The eerie lonely silence, creaks of the space station hull, hollow footsteps and wonderfully understated music cues keep you in the frame of mind that somehow this bizarre set of circumstances is just another exploration. It also helps that the aesthetic could almost be defined as dilapidated space art, such is the strange beauty of the ambient light bouncing off decaying metal and technology. It's a lonely game, but also a beautiful one; your first sojourn outside, into space proper, is almost balletic.
The atmosphere pervades everything in The Swapper
The Metroidvania style of exploration helps you tackle puzzles in the order you choose, as the map is open, save for obvious blocked points. The only stipulation for progression is that you have to amass a certain amount of orbs, received from successful puzzle completion. It’s not as liberal an approach is it might initially seem, as to get to the end you’ll need to complete everything, so if you thought you might be able to skip one that stumps you, think again.
AlienIt should be an arduous task, going between puzzles in an abandoned complex where your movement is often typically slow and space-walk like, but smart deployment of teleporters cuts out any major backtracking. You’re generally left with a short journey from a central area to the branching hatches that may contain the necessary orbs, which gives you just enough sense that you’re not simply fast-travelling between puzzles at the expense of the mood.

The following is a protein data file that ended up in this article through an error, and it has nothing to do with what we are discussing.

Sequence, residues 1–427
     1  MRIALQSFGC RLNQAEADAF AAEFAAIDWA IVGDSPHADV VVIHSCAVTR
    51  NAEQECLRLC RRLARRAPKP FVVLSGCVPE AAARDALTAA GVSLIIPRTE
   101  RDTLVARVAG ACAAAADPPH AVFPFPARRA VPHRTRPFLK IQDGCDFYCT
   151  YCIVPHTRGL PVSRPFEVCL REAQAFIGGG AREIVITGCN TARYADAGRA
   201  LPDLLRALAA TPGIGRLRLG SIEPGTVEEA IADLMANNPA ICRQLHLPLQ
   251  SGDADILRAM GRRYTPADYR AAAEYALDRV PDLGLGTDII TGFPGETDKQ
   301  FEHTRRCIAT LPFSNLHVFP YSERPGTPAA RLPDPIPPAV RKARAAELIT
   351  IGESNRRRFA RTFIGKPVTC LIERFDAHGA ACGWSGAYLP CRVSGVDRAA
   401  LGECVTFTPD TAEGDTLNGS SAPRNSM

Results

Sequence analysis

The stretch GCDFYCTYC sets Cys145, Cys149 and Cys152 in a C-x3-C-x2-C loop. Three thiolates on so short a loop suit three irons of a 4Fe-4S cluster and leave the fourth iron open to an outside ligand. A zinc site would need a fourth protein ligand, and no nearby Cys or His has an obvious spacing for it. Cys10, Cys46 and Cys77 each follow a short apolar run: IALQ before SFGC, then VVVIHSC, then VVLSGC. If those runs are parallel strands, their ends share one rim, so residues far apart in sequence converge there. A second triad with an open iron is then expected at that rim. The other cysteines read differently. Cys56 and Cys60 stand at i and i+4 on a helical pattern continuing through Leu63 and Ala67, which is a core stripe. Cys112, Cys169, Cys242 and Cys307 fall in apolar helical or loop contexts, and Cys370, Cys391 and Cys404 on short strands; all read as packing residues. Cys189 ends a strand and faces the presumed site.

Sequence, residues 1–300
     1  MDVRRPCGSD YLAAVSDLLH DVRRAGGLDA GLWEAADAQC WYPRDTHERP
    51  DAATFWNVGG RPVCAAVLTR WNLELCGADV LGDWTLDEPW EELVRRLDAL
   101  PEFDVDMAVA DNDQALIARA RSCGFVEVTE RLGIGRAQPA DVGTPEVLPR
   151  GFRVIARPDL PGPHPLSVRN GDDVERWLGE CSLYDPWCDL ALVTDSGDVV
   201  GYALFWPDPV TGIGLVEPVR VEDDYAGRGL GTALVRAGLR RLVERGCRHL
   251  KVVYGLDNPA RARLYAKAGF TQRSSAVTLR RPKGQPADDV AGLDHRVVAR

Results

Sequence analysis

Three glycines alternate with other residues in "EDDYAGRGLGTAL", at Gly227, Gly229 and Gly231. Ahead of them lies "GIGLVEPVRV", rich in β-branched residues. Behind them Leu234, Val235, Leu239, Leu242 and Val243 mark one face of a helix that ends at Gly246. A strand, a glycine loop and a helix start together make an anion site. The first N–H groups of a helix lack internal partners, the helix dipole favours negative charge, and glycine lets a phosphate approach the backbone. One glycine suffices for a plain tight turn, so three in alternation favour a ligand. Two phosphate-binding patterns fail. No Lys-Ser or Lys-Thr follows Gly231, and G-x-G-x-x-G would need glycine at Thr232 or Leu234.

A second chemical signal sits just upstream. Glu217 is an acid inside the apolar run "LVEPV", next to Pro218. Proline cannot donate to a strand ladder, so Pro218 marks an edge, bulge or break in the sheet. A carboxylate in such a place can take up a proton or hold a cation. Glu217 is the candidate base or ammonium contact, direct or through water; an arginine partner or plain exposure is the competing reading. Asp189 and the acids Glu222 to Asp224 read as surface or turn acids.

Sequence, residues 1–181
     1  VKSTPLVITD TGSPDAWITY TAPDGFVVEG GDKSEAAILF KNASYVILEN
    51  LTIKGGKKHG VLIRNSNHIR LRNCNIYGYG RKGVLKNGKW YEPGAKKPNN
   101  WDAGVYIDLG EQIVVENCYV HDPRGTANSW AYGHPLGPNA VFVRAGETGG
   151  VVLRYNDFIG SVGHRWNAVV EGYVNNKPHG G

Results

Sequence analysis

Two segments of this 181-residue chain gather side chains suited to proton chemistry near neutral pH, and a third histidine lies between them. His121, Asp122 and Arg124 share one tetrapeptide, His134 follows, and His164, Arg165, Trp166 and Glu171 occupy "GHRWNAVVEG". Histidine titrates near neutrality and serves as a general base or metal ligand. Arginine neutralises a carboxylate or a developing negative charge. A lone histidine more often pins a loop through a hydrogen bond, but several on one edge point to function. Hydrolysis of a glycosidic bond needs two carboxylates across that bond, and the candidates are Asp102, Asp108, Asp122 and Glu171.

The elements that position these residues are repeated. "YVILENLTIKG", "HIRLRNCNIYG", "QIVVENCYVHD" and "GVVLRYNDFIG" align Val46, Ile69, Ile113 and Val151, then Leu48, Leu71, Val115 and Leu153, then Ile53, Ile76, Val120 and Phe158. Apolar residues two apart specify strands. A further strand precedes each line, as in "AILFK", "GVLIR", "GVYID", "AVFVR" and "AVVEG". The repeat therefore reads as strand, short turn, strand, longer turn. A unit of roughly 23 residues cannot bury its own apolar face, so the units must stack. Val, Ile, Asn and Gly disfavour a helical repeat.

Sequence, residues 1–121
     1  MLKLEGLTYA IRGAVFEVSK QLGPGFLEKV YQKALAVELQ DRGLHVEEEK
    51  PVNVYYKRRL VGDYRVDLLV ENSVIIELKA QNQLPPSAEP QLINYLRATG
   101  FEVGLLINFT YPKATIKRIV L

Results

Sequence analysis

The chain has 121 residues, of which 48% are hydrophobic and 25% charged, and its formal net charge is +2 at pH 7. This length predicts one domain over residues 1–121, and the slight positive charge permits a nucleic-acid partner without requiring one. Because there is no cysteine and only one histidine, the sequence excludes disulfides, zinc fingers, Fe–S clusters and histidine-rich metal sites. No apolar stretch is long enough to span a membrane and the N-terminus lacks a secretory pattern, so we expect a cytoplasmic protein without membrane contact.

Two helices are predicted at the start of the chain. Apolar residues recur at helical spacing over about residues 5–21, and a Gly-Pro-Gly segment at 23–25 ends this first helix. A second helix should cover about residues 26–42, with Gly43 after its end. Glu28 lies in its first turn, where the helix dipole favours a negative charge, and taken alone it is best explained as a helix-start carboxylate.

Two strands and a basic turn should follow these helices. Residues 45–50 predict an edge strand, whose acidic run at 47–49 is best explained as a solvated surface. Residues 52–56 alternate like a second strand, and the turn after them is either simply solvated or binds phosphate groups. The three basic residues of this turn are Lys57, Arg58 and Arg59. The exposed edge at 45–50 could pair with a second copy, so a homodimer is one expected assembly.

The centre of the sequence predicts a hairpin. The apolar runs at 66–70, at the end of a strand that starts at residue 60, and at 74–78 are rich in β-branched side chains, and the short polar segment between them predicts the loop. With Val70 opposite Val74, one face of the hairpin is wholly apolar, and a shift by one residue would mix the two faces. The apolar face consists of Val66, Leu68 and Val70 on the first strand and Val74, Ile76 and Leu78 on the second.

This isn’t merely a series of aesthetically pleasing brainteasers with a story filler, it’s a convincing whole, a proper sci-fi puzzler that bonds all the elements together.
As with any game that tries to tax your mental faculties, the most important factor is that the designers play fair. It’s rare to get such a title that can pass without the inkling that at some point the answer was almost cryptically hidden, but The Swapper manages to sidestep these complaints. There’s only really one instance where a mechanic is necessary for solution and had thus far been unused, but once you get to the final few puzzles - where gravity is thrown into disarray, to the point you’re finding walking on the ceiling normal - copious experimentation is in order anyway.
A Space Odyssey
- Visually striking
- Well constructed puzzles
- Interesting story
- Quite short
The Swapper PS4 ReviewVisually striking and with some hauntingly understated audio, The Swapper is a perfect example of a short game where atmosphere overlays simple mechanics to great effect. The run time may be brief, but that ensures it doesn't fall into the trap of excessive repetition, and with this being a Cross-Play title, you're getting a game that fits as well on a portable as on your home console.
It’s an intelligent and thoughtful puzzler that places real emphasis on the isolation of its sci-fi setting and some wonderfully labyrinthine cloning conundrums. At times it’s akin to Portal’s moodier little brother, equally full of invention as traditional tropes, but always drawing you in through an inriguing minimalistic story and the lure of that eureka moment when everything finally clicks.